The De Havilland Aircraft Company DH18 was designed from the outset for use as a commercial transport, carrying a pilot and eight passengers. Its predecessors had simply been modified military types, converted to accept passengers.
The main cabin was enclosed in the centre fuselage, with the pilot seated in an open cockpit to the rear . It was a a single-engine biplane of large dimensions. The Napier Lion powerplant was housed in the nose section with wooden, 2 bay wire braced wings and a forward fuselage predominantly clad in plywood.
The prototype (G-EARI) first flew on 8th April 1920, carrying the Construction No. 1 of the newly formed De Havilland Aircraft Company. Unfortunately, just 8 days later the aircraft was wrecked during a forced landing, shortly after take off from Croydon Airport.
All De Havilland DH18s were initially delivered to Aircraft Transport and Travel Ltd (AT & T).
The second and third aircraft were initially constructed by Airco who were taken over by BSA when they eventually went bankrupt. BSA however, decided against continuing aircraft production and the airframes were eventually completed at Stag Lane, Edgeware by the newly-formed De Havilland Aircraft Co Ltd.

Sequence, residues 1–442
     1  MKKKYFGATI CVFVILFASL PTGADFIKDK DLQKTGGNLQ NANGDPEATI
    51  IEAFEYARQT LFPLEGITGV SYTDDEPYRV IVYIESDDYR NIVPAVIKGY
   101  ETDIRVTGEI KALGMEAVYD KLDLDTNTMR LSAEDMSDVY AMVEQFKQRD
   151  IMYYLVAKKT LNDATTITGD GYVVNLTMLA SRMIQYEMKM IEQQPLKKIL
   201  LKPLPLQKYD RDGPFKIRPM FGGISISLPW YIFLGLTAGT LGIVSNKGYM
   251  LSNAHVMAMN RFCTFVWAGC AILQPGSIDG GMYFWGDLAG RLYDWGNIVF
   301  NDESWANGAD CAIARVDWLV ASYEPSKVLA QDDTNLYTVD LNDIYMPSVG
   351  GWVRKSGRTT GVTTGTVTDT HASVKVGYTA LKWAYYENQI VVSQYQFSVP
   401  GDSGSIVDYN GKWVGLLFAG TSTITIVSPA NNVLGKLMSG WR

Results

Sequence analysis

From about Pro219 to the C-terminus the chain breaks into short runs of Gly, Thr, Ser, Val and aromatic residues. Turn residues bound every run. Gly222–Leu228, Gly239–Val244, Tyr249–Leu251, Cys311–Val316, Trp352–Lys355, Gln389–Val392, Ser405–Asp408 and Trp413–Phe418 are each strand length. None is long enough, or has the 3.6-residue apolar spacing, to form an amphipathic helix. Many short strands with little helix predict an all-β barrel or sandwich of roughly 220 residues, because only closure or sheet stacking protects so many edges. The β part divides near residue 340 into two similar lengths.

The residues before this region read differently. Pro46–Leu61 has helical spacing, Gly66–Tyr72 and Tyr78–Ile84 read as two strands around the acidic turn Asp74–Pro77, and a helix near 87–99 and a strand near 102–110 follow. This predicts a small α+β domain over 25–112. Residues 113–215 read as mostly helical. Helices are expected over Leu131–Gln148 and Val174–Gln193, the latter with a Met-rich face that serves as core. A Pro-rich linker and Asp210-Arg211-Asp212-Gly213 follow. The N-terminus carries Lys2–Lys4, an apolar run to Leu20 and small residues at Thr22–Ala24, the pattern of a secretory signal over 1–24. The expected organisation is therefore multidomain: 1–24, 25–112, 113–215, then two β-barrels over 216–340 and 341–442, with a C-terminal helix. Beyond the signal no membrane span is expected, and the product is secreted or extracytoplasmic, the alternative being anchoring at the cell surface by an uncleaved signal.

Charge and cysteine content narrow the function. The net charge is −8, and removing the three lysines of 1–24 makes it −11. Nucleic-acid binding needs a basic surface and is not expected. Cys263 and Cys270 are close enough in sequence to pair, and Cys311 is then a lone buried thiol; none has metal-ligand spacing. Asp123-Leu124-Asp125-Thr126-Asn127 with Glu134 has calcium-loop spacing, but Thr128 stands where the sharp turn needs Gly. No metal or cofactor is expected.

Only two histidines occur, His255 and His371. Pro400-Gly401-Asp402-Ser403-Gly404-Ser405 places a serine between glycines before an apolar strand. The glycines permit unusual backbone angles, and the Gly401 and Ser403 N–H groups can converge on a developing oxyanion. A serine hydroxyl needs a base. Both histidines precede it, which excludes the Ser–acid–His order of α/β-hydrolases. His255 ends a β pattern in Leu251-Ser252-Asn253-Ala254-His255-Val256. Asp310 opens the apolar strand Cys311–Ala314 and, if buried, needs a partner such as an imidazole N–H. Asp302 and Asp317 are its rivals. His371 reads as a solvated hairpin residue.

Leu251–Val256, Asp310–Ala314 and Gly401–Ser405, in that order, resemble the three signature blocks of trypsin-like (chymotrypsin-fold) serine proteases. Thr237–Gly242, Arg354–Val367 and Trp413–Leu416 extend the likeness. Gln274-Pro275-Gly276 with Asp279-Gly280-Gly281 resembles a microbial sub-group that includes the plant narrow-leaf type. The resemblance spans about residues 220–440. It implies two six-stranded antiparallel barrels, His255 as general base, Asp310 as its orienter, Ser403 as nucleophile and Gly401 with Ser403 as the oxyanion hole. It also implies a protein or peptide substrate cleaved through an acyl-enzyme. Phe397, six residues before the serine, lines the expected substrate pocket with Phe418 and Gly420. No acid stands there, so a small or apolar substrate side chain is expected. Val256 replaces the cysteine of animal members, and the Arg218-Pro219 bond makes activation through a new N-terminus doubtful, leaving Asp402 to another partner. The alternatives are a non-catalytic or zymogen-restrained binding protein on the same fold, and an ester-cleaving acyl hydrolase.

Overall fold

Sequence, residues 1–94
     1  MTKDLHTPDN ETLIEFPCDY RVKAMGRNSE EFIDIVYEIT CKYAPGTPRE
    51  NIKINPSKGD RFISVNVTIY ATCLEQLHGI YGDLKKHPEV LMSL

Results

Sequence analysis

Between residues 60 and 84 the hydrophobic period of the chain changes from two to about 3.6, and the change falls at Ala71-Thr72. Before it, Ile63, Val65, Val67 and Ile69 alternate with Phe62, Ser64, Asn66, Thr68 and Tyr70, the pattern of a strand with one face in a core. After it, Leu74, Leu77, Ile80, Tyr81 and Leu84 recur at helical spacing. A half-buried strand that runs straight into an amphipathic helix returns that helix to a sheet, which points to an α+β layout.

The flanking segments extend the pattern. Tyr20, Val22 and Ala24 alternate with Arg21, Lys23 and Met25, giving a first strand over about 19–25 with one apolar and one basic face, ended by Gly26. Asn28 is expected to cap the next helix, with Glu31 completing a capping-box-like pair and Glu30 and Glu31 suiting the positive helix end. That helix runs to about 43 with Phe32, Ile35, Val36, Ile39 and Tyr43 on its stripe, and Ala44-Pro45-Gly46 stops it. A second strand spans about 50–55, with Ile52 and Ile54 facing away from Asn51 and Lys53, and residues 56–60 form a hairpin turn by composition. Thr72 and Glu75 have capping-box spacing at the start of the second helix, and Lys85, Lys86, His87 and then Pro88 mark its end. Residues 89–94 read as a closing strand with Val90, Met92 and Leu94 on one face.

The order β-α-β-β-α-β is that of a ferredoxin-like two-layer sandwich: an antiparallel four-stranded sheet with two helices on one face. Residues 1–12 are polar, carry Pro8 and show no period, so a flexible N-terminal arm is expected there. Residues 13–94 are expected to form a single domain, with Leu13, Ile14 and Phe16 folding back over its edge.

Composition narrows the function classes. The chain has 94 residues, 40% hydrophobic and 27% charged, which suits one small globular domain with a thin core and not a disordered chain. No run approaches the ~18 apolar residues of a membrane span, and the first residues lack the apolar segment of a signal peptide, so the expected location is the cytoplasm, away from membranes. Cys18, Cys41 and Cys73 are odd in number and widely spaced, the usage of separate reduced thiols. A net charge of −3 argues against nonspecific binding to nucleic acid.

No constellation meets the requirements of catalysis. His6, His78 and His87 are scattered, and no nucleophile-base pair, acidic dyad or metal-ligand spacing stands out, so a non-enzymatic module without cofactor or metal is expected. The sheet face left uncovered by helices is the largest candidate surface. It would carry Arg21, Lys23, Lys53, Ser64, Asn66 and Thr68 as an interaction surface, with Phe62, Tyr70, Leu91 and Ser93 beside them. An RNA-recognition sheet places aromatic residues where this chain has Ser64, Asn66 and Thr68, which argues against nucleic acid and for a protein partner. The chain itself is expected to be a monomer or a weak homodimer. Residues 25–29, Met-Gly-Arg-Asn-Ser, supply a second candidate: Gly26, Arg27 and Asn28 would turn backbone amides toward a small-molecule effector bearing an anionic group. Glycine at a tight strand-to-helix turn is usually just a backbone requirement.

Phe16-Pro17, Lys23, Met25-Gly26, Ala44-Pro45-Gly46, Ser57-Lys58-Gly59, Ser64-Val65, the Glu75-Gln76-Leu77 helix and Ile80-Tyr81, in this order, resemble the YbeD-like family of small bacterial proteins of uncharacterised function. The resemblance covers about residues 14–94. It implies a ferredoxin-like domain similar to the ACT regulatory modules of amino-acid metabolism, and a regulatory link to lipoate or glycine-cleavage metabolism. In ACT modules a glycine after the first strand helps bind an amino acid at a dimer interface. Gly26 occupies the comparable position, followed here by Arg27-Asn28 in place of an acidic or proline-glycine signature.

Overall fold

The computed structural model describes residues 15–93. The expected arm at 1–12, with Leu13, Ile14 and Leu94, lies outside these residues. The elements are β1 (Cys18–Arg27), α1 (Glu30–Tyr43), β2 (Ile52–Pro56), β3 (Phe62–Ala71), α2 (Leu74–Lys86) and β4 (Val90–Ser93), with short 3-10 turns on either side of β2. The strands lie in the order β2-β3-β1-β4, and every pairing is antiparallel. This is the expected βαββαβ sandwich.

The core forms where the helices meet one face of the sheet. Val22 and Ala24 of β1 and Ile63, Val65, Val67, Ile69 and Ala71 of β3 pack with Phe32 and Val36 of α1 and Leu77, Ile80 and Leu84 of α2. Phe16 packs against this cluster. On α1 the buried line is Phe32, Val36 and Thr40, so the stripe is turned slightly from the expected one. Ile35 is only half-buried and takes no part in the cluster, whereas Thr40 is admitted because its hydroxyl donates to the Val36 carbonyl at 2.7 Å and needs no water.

Built to order for AT & T, these aircraft featured a number of minor modifications and carried the designation DH18A.
AT & T eventually folded in 1921, due to 'unfair competition' from the French government-backed airlines. This had forced the UK authorities to commence its own state-funded air services with Instone Airlines. Subsequently, the two AT & T DH18As were transferred to Instone, followed by a further example for their sole use.
2 further aircraft later were supplied to Instone to make up for a shortage in aircraft, these featuring plywood covered fuselages and being designated DH18B.
One aircraft was later transferred to Daimler Airways for operation between Croydon and Paris. However, just 2 days into service, DH18A (G-EAWO) had the unhappy distinction of being destroyed in the first ever mid-air collision between two commercial aircraft, coming together with Farman Goliath (F-GEAD) over northern France on 4th April 1922.
Production of all De Havilland DH18 variants totalled 6 aircraft, the only survivor being the second machine (G-EARO), which flew at Royal Aircraft Establishment (RAE) at Farnborough where it underwent miscellaneous trials until November 1927.
The De Havilland DH18 eventually retired from commercial service in 1923, with one aircraft having flown 90,000 miles without incident. 2 examples were seconded to the Air Ministry and took part in 'Ditching Trials' where one aircraft remain afloat for over 25 minutes.
|Powerplant||One 450 hp Napier Lion engine|
|Span||51 ft 3 in|
|Maximum Weight||DH18A 6,516 lb; DH18B 7,116 lb|
|Capacity||Pilot and seats for eight passengers in an enclosed cabin forward of the pilot|
|Maximum Speed||128 mph|
|Cruising Speed||100 mph|
|Range / Endurance||400 miles|
Number built & Variants
|DH18A||Three aircraft G-EARO, G-EAUF, G-EAWO|
|DH18B||Two aircraft with plywood-covered fuselages G-EAWW, G-EAWX|
There are no known original survivors.